Life with PVNH

Although I lived with PVNH all my life, I never knew it. That is until Ella’s diagnosis was confirmed in October 2009.

On the other hand, I was very much aware of my health issues: heart murmur, asthma-like symptoms that medication did not seem to treat very well, a scoliosis, early onset high blood pressure, apical bullaes on my lungs, a back that gives out for just about any simple reason such as turning in my sleep and an unexplained blood disorder thought to be Immune thrombocytopenic purpura (low platelets) which caused my transparent skin to bruise super easily. But as I reached adulthood, one other issues because more flagrant: I suspected I was mildly dyslexic.

It turns out that most, if not all of my issues, can possibly be linked to the rare disease I have: PVNH4 and which Ella inherited.

As I researched PVNH and PVNH4 after Ella’s passing, it became evident that the range of symptoms was so wide that very few people actually experience them to the same level. For example, my mom has some markers of PVNH4, my symptoms were more significant than hers and Ella’s were a lot more than mine.

When you are talking about a disease that affects less than 1 in million people (which is the prevalence defined by orpha.net for PVNH4), it makes for very few comparisons one can draw on.  And yet, there are similarities amongst all the cases of PVNH I have become familiar with in the last year and a half.

Children and even adults affected by PVNH will likely not be diagnosed easily. They may struggle for years with mobility issues (some children cannot walk easily and must wear braces), learning difficulties and/or dyslexia, cardiac problems, lung issues and other physical problems before obvious signs like epilepsy surfaces, if it ever does. And sometimes, the epilepsy is the first clue.

For those affected by epilepsy, understanding the “why” of triggers is an ongoing challenge. And finding the right balance of medication to efficiently control seizures appears to be just as difficult.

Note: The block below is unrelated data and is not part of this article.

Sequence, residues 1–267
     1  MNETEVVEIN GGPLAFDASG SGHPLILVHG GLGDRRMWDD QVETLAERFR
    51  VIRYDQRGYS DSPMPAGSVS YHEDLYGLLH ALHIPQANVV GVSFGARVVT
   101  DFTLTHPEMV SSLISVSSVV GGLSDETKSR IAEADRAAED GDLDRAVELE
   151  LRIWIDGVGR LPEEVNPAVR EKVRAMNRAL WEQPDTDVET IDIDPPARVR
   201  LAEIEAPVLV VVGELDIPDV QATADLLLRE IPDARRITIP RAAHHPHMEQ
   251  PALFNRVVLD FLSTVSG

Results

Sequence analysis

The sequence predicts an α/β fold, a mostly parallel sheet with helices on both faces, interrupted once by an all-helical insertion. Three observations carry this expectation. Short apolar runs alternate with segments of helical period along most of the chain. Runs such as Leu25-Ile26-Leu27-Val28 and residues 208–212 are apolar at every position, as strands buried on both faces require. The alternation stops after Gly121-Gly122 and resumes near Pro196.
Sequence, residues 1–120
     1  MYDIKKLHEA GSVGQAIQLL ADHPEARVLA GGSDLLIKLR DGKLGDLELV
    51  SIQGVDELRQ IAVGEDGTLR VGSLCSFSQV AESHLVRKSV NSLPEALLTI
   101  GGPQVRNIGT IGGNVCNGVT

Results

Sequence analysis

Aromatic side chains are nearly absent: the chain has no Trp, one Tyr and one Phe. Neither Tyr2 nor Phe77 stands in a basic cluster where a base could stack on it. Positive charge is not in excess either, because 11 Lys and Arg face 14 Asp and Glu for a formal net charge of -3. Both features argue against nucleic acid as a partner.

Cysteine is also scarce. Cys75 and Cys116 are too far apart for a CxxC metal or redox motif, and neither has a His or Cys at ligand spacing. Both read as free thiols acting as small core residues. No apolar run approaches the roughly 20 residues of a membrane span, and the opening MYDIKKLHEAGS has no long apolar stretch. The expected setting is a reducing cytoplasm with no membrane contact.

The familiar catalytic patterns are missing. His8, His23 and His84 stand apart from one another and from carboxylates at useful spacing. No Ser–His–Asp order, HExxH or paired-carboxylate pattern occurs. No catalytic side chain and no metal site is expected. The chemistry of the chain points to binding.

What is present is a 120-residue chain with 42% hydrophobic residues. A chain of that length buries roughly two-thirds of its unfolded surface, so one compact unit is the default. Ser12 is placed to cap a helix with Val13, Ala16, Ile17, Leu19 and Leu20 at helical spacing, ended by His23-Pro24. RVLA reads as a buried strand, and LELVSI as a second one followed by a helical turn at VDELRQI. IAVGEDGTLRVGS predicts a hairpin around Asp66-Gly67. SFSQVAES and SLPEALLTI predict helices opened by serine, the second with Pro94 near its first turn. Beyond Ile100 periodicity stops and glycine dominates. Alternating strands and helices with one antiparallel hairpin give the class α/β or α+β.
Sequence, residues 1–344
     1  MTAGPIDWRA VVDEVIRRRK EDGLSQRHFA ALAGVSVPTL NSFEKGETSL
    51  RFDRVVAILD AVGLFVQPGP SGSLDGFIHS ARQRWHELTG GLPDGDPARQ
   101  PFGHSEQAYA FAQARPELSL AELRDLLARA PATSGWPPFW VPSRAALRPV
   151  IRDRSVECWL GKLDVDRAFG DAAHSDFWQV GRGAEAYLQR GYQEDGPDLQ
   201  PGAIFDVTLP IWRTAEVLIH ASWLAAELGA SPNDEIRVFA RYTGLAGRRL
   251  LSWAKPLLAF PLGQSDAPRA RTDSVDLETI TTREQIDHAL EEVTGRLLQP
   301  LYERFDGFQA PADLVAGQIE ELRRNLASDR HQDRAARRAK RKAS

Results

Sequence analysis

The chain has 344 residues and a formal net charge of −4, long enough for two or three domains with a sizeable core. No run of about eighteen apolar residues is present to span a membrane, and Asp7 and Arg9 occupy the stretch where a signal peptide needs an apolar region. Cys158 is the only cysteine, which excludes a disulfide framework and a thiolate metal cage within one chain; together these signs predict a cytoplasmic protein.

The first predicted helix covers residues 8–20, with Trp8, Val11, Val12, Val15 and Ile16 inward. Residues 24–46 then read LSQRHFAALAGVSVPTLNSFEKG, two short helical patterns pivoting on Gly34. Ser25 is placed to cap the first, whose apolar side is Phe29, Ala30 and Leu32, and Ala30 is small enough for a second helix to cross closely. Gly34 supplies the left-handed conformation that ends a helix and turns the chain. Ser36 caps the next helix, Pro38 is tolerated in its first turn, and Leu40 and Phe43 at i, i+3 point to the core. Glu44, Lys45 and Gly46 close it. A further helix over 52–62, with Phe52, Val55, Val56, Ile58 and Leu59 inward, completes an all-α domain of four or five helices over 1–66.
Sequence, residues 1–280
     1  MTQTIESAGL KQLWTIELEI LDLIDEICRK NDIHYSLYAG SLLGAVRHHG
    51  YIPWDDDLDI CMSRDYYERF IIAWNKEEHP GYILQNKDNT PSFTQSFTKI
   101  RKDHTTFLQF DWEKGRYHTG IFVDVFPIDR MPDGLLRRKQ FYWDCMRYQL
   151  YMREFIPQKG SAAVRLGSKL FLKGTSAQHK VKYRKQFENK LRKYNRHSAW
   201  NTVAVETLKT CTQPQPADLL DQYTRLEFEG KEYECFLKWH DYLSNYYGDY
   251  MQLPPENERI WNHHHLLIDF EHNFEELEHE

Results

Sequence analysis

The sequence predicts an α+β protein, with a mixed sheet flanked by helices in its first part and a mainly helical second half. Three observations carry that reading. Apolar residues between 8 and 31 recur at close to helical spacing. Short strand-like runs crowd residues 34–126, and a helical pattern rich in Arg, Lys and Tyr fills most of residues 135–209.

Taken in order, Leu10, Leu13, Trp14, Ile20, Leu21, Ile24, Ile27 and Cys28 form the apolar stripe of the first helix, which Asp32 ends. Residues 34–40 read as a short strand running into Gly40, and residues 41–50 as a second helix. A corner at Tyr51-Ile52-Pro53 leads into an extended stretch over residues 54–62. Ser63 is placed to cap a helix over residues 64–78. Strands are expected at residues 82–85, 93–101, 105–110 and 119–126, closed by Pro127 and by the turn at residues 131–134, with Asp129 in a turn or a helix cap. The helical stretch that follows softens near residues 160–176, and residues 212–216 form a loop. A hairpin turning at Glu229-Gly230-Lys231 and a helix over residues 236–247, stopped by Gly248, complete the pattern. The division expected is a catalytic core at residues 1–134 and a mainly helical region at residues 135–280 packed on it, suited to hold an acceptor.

I invite you to visit Faces of PVNH to learn more about how families are affected by PVNH.

7 Responses to Life with PVNH

  1. Joe says:

    I’m so sorry about your daughtern- how old was she? My wife and daughter both have pvnh

    • admin says:

      Hi Joe, Ella was 7 months and 20 days when she passed. Thank you for letting me know about your family. You and your wife should consider joining the PVNH Facebook group I created. There are 54 families all around the world and they support each other very well. Wishing you and yours nothing but good health, Yolaine

  2. Christina says:

    Hello I have been reading the post and I have a daughter with PH. I have tried to locate the PH group you reference to on facebook but I have been unsuccessful in locating it. I was wondering if anyone could email and invitation to the group.

    Thank you
    Christina

    • admin says:

      Christina, so glad you found us. I will look into why you were unable to lcoate the group, it should have been found upon a simple search of PVNH on Facebook. Nonetheless, you found us, so we look forward to being able to support you in the best way possible. Yolaine

  3. I have pvnh I was 13 when the symptoms started showing. Since then it has been 1 thing after another that seems to be wrong with me. I have a daughter who will be 8 in October and she is not showing any signs that she has it. So, all I can do is pray & ask for prayers that this condition doe not affect my daughter. aEven though my mother and I are affected by it.

    • admin says:

      Jesyka,
      Sorry to hear about you and your mom, but glad to hear about your daughter. There is now a public page for PVNH Support & Awareness on Facebook, in addition to the closed support group for which you need to send a request in and get approval before you can join. And big news: on August 7, 2012, we will celebrate the 1st World PVNH Support & Awareness Day!!! Wear pink or yellow, take a photo and post it, tweet (#PVNHsupport), Facebook or blog about it. The event is on the PVNH Support & Awareness page on Facebook.

Comments are closed.